Functions of Vitamin E 

  1. Heart Disease: VitaminE reduces the risk of coronary heart disease since they prevent free radical damage to blood vessels and coronary cells mainly.

  2. Lipofuscin: It prevents the formation of this brown-colored pigment and thus delays aging. 

  3. Immunity: Maintains cellular immunity. It helps in functioning the T-cells. 

  4. The action of Selenium: Selenium is a trace-element which also acts as an antioxidant. Selenium and Vitamin E together function as antioxidants protecting the body against free radical damage.


Fun Facts

  • Vitamins are required in a small quantity to perform a certain metabolic function or to prevent an associated deficiency disease in the body.

  • Vitamins cannot be synthesized by the body and must, therefore, be supplied through food. 

  • According to solubility, Vitamins are classified into two categories (I) Fat-soluble vitamins e.g: A, D, E, K. (II) Water-soluble vitamins e.g: Members of B complex family, vitamin C. 

  • Fat-soluble vitamins are not destroyed by ordinary cooking methods. 

  • Fat-soluble vitamins are stored in the body and at times, cause toxicity when supplied in excess (hypervitaminosis). 

  • Fat-soluble vitamins are not absorbed if mineral oil is present in the intestine.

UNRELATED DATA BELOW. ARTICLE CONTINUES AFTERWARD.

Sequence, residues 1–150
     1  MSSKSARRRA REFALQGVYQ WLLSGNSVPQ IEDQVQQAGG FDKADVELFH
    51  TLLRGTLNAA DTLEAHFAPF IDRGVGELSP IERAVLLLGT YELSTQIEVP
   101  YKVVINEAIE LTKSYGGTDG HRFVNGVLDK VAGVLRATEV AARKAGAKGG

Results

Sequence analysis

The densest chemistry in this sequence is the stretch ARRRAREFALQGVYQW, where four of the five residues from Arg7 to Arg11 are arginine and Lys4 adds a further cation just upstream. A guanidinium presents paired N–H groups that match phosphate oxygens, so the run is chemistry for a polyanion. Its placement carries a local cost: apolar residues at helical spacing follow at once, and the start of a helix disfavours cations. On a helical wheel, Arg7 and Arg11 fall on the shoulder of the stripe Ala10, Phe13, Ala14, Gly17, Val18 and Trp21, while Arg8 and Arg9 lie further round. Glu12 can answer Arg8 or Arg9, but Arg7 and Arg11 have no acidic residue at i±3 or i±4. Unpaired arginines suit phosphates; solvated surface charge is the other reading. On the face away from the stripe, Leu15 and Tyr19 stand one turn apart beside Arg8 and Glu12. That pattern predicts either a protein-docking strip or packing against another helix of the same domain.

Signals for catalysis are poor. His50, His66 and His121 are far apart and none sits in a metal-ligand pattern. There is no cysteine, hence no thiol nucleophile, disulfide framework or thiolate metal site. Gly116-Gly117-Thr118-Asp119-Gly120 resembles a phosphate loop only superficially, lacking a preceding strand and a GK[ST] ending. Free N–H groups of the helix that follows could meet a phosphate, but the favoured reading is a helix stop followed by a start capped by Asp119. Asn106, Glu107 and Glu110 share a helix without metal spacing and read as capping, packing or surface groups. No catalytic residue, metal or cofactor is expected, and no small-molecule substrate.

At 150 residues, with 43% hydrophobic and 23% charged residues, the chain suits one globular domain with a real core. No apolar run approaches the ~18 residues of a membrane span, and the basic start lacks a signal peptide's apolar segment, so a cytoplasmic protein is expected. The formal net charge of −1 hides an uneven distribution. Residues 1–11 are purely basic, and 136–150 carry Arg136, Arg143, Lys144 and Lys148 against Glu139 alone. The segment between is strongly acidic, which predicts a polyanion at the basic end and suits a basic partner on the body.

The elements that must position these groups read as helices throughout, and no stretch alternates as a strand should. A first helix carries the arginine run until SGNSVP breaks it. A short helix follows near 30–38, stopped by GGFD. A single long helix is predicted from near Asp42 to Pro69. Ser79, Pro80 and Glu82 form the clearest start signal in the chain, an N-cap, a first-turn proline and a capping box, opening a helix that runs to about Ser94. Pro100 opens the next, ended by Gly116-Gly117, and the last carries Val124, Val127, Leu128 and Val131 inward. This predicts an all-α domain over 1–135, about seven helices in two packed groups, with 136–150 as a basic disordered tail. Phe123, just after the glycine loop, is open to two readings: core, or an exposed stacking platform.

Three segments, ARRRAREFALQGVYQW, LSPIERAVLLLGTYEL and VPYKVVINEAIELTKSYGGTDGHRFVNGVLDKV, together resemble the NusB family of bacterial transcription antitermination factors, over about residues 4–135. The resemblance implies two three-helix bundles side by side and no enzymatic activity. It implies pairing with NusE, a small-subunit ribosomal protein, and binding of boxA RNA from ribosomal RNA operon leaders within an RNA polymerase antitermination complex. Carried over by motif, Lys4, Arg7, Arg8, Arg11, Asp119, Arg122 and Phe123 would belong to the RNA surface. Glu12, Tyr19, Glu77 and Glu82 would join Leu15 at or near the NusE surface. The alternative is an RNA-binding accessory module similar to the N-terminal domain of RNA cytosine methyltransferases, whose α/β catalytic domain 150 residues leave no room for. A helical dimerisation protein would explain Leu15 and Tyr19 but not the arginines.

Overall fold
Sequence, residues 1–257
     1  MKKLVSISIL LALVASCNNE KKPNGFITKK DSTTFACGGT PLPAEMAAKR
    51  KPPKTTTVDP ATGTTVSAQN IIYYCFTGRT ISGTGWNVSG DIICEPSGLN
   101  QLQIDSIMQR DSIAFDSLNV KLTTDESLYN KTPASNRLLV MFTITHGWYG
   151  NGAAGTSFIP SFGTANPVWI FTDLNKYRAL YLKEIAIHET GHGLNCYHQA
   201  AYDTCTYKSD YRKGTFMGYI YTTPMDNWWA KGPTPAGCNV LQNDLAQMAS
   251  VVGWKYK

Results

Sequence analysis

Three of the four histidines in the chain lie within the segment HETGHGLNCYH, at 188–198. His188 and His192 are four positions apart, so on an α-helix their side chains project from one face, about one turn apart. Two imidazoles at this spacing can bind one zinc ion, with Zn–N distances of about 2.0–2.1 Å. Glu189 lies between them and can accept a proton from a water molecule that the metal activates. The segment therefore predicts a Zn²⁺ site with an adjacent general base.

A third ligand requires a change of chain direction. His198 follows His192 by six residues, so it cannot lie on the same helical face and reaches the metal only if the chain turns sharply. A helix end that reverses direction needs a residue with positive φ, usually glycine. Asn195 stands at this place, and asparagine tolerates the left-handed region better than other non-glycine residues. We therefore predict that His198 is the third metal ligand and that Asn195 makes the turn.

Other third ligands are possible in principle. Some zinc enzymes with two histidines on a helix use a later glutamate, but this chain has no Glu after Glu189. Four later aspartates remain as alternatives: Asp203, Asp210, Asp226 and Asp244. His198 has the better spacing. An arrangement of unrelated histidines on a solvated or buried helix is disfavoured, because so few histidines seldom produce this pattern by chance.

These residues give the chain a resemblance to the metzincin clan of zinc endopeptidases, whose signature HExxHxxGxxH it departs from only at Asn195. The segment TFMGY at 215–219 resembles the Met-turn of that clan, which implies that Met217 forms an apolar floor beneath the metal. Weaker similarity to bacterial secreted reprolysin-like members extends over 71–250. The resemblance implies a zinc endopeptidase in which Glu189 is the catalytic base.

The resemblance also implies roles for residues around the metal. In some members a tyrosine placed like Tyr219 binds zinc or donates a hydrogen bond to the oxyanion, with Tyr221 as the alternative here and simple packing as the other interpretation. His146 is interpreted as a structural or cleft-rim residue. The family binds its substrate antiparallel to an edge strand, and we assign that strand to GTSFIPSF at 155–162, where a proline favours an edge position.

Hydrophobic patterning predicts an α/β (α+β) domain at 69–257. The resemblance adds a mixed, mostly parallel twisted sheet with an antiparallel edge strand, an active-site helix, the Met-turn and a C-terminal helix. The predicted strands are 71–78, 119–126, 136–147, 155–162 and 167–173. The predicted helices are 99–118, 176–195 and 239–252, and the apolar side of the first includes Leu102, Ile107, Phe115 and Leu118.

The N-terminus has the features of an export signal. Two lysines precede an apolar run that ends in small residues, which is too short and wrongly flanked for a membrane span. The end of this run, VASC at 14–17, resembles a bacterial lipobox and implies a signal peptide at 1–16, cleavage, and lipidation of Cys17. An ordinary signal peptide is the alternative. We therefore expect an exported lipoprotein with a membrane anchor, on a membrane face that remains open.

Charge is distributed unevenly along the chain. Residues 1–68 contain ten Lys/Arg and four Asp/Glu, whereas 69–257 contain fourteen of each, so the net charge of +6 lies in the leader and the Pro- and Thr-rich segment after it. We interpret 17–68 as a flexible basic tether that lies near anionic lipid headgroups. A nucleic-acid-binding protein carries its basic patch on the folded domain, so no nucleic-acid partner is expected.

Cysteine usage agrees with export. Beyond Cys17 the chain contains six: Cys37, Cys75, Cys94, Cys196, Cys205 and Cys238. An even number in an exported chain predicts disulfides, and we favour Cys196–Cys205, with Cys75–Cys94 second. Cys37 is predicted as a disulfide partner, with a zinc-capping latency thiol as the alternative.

• Excess intake of Water-soluble vitamins does not result in hypervitaminosis since these can be excreted through urine and other water routes of excretion. 

  • Water-soluble vitamins are affected by preparation practices. 

  • Deficiency of any kind of vitamin leads to a disease e.g deficiency of VitaminA causes Night Blindness.

  • The ever Vitamin was discovered in 1912.

FAQ (Frequently Asked Questions)

1. What are the sources of Vitamin D?

Ans.

  • Food Source -  Vitamin D is found in egg yolk, milk, butter, livers of all animals, fish, liver oil, etc. 

  • Cutaneous Source - Human beings produce Vitamin D from sunlight with the help of 7-dehydrocholesterol present in the skin. If a person is dark-skinned then vitamin D synthesis is less due to the presence of melanin pigment. Direct rays of the sun are needed for vitamin D production and so production is lower in winter. Elder people synthesize less vitamin D than young. The use of sunscreen lotions, dark glass windows, etc. can prevent vitamin D synthesis.

  • Other Sources - vitamin D is produced in the placenta and other important issues of the body.

2. How can the deficiency of VitaminA result in the eyes?

Ans. In eyes, Vitamin A deficiency can be seen commonly as-

  • Night Blindness: This is a condition in which an individual is unable to see clearly in dim. 

  • Conjunctiva Xerosis: This conjunctiva becomes dry and thickened, wrinkled, and pigmented. A peculiar smoky appearance is given to the conjunctiva by the pigmentation.

  • Bitot's Spot: This is a condition where spots develop on the eyes. 

  • Corneal Xerosis: When dryness spreads to the cornea there is dull, hazy, lustreless appearance due to keratinization. This leads to dryness and a lack of vision ultimately.

  • Keratomalacia: In this condition, there is a softening of the cornea. 

  • Xerophthalmic Fundus: This is the last stage of eye damage due to Vitamin A deficiency that cannot be treated at all.